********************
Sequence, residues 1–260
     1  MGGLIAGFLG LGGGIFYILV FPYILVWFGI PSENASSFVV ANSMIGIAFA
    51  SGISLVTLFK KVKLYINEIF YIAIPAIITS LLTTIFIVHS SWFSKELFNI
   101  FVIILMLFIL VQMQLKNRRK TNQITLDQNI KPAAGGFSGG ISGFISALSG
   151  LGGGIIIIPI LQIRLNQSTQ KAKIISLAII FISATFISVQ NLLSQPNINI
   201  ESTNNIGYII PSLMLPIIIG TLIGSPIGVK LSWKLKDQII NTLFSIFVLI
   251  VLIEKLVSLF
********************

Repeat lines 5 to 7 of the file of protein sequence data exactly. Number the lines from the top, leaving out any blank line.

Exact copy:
   151  LGGGIIIIPI LQIRLNQSTQ KAKIISLAII FISATFISVQ NLLSQPNINI
   201  ESTNNIGYII PSLMLPIIIG TLIGSPIGVK LSWKLKDQII NTLFSIFVLI
   251  VLIEKLVSLF